Series editors’ foreword
in Urban transformations and public health in the emergent city

Series editors’ foreword

This book series addresses the causes, dynamics and understandings of global urban transformation in the twenty-first century. We live in an era when numerically the greatest number of people moving to cities are in the parts of the globe normally characterised as the global south. It is also the case that in recent years much of the most interesting, innovative and insightful work around contemporary urbanisms has addressed the global condition through a disposition that speaks internationally both from and to this new cartography.

We have put together this series with Manchester University Press to reflect and capture these trends and realities and look for new voices that might articulate and curate these new realities through fresh lenses.

We look to publish work that is:

International, working within a global frame of reference, where cases are generative of larger transnational processes. The series aims to move urban studies to a focus that transcends a traditional separation of literatures of the global south and global north.

Interdisciplinary, originating mostly but not entirely from within the social sciences. The orientation of the series seeks work that rethinks interdisciplinarity in an urban context, drawing on insights from natural sciences and humanities as well as the social sciences.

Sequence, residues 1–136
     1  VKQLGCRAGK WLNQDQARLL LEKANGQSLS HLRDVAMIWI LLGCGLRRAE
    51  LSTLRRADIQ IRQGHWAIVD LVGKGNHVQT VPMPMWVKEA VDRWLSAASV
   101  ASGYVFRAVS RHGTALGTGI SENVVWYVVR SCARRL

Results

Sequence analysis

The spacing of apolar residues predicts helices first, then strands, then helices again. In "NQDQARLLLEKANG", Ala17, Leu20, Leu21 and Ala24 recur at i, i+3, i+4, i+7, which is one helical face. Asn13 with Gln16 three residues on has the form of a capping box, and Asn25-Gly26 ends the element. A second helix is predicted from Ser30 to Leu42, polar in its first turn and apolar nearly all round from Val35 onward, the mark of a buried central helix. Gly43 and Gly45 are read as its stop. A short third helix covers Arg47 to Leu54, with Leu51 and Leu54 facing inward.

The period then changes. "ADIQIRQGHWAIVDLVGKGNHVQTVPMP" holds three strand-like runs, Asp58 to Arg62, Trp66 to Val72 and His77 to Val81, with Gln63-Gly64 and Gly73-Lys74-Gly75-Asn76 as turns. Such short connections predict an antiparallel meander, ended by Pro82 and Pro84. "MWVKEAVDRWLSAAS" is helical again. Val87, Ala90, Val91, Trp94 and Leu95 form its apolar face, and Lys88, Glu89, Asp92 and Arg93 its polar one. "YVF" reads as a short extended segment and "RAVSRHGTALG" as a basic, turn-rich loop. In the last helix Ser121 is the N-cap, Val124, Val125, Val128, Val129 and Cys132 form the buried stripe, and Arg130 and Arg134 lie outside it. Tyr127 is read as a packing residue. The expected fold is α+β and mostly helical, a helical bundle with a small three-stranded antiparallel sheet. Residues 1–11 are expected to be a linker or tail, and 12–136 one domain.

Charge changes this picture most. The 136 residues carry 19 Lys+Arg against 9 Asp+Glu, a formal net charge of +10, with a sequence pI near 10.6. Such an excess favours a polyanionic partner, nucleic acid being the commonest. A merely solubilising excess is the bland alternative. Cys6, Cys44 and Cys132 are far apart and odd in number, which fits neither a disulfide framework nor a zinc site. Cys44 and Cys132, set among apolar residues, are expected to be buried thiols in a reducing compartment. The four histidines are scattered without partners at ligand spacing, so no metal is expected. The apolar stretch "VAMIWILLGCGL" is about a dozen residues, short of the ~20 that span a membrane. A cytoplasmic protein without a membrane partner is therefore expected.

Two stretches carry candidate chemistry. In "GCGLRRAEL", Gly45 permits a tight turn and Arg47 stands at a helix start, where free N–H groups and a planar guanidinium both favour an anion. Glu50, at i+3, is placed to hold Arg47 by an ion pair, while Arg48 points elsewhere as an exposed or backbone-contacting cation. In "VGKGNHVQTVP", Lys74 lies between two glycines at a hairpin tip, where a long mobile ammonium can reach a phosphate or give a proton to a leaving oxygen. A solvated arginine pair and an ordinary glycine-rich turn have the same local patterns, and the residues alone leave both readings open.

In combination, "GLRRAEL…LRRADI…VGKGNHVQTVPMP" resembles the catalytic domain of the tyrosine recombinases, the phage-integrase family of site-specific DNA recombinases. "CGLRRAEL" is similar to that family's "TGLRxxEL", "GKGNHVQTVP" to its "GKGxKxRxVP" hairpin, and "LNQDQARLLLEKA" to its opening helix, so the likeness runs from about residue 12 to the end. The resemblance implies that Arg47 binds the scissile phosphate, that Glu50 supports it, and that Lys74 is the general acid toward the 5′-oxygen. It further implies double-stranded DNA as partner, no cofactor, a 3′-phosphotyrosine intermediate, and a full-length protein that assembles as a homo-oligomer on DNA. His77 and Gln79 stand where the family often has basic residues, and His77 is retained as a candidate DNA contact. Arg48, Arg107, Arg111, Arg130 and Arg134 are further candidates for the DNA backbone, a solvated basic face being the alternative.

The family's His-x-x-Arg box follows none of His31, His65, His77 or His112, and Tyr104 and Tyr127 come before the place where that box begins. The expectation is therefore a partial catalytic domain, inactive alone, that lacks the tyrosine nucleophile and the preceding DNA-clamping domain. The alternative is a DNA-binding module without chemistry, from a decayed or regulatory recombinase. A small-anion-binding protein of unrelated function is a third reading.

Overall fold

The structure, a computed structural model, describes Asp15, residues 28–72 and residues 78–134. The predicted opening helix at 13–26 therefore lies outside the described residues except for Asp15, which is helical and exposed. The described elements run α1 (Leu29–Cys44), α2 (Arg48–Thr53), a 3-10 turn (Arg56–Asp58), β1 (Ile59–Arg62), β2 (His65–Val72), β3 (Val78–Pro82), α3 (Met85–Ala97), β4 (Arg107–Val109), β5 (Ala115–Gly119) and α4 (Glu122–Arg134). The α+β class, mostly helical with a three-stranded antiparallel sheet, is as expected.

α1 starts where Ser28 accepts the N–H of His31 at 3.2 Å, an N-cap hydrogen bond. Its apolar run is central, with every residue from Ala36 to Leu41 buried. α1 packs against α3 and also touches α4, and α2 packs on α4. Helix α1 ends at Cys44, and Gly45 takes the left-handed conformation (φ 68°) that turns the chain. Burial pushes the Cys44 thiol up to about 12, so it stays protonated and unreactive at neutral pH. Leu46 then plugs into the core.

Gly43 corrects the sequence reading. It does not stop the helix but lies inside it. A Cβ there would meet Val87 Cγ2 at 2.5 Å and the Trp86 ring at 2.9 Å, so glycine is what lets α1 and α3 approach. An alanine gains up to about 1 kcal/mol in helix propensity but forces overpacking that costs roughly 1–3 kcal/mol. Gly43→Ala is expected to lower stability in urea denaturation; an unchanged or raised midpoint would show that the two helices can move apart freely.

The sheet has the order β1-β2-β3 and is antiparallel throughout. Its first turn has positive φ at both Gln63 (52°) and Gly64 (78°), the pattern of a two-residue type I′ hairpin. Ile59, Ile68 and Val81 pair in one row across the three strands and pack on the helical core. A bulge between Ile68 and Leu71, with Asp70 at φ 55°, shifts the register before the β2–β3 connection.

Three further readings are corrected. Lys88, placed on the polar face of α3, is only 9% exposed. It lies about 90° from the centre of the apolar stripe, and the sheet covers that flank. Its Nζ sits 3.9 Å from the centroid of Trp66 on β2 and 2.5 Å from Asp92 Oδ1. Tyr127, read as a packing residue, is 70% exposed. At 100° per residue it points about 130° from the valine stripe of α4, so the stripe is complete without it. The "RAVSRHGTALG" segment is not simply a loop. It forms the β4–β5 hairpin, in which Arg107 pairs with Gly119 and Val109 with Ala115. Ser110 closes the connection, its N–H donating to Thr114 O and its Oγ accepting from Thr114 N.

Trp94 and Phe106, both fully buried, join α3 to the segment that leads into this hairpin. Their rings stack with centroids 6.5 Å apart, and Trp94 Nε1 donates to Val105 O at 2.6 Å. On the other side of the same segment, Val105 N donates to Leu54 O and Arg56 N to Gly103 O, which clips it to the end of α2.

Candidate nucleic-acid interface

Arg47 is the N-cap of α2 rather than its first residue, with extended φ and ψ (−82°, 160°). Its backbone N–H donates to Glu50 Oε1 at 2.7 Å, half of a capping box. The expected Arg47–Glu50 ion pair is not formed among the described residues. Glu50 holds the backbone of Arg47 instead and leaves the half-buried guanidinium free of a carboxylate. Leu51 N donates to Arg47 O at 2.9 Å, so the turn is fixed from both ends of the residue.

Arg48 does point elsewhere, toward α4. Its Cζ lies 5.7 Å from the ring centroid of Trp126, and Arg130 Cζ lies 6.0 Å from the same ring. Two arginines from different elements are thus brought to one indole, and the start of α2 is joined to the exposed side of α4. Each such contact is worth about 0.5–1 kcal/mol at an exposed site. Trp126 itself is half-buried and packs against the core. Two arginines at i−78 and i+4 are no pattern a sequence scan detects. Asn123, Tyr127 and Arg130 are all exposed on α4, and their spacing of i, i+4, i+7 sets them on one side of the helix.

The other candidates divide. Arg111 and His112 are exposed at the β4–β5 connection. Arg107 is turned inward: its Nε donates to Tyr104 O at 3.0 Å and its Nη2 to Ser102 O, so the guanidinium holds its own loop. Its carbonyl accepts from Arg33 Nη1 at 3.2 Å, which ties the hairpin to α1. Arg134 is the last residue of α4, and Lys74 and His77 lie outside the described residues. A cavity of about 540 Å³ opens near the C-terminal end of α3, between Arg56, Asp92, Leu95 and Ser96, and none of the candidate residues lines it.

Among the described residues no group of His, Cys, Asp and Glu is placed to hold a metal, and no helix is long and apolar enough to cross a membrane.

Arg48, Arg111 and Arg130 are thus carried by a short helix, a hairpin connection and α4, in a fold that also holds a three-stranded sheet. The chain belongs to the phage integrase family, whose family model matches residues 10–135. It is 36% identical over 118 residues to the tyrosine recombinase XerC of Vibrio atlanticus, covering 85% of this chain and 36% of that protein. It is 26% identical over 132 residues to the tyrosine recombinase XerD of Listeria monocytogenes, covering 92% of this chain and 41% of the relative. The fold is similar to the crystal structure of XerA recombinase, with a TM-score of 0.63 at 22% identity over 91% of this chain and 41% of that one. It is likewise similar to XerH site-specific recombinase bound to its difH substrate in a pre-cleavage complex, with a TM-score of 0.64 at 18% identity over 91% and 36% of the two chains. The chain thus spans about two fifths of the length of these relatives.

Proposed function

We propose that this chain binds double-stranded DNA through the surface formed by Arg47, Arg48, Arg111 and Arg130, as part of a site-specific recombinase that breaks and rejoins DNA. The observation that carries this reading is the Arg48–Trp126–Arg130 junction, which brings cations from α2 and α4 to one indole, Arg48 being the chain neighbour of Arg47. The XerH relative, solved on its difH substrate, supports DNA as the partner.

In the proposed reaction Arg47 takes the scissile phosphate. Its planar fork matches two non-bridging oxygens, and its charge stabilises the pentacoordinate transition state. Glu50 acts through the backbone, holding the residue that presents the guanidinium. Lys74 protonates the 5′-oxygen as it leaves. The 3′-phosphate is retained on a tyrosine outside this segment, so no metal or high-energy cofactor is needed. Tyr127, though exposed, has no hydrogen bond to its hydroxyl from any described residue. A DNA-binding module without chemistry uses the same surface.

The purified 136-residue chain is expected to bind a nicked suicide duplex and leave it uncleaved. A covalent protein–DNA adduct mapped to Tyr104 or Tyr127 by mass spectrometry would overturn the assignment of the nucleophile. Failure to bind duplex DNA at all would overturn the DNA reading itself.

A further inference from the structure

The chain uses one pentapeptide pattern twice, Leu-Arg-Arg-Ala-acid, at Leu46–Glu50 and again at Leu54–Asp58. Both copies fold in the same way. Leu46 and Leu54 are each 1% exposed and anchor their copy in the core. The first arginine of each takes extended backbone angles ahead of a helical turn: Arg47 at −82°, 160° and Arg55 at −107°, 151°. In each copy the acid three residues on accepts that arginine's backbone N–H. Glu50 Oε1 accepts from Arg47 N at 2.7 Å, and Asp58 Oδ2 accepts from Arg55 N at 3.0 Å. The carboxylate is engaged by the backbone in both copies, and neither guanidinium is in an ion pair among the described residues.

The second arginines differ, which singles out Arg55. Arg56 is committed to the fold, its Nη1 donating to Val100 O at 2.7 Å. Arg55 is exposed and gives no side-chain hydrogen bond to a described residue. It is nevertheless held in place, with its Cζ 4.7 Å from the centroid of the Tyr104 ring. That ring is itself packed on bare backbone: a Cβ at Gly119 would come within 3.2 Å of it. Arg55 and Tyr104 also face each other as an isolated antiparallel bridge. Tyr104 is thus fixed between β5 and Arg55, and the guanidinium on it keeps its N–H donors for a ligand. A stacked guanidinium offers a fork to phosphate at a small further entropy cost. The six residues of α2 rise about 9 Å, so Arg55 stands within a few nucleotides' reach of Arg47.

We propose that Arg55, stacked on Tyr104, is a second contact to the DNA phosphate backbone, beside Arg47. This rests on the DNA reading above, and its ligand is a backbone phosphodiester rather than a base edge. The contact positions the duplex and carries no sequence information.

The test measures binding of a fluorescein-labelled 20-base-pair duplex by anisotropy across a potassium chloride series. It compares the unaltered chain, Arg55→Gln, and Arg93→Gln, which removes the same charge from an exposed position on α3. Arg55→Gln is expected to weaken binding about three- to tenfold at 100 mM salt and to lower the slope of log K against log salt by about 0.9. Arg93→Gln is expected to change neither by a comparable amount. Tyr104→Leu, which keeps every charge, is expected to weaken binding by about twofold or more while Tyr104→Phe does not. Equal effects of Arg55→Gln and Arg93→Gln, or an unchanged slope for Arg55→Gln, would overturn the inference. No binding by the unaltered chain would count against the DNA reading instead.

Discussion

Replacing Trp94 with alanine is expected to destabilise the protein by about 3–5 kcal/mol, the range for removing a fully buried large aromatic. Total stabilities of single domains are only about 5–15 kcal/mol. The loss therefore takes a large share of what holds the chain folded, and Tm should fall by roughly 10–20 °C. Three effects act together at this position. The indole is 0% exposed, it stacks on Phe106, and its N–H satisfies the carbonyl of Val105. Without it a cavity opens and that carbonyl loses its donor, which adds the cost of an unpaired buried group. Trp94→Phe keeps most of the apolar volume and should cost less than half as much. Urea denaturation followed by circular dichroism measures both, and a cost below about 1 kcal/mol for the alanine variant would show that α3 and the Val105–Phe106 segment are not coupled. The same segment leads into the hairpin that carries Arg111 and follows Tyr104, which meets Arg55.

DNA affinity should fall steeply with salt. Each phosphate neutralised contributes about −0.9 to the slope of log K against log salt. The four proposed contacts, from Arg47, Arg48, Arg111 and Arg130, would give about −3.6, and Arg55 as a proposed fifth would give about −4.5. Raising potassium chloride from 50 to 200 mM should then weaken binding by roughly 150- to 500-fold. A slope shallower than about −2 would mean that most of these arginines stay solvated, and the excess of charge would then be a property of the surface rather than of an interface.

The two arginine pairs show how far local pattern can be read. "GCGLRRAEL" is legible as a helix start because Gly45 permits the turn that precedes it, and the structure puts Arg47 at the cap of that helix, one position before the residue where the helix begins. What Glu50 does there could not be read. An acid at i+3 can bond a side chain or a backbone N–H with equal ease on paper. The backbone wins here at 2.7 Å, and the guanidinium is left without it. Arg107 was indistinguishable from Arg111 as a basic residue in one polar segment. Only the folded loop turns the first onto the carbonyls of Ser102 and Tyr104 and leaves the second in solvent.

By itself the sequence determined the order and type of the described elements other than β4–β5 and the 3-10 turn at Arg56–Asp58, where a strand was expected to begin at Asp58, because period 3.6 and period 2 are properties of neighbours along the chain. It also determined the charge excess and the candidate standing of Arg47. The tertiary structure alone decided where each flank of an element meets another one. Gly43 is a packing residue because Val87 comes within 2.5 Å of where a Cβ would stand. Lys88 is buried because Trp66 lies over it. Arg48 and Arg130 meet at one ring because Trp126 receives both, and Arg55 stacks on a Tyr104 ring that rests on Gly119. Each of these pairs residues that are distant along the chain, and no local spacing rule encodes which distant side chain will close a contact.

Informed by the past but future oriented, addressing the challenges of the emergent cities of the twenty-first century. This perspective values the particularities of history and geography; the path dependencies of urban change; and the realities of spatial variation. It recognises the predictive value of new methods of data collection and technological change but considers that such a ‘future’ city orientation moves beyond extrapolation from trend to a more multidimensional sensibility.

Addressing multiple audiences, working across conventionally defined urban scholarly and professional interests (such as architecture, planning, city politics and urban regeneration), privileging work that has value for city thought leaders and activists, the general reader as well as students and the specialist academic audience.

Multi-scalar, recognising the value of different scales of analysis, commissioning work that focuses on geographies that range from trends in rapidly expanding megacity regions, smaller towns or the dynamics of neighbourhood change.

Multi-actor, welcoming contributions that detail stakeholder interactions that drive urban change, including tracking the power dynamics and institutional politics between residents, civil society, the state, business or traditional authorities.

Michael Keith and Susan Parnell

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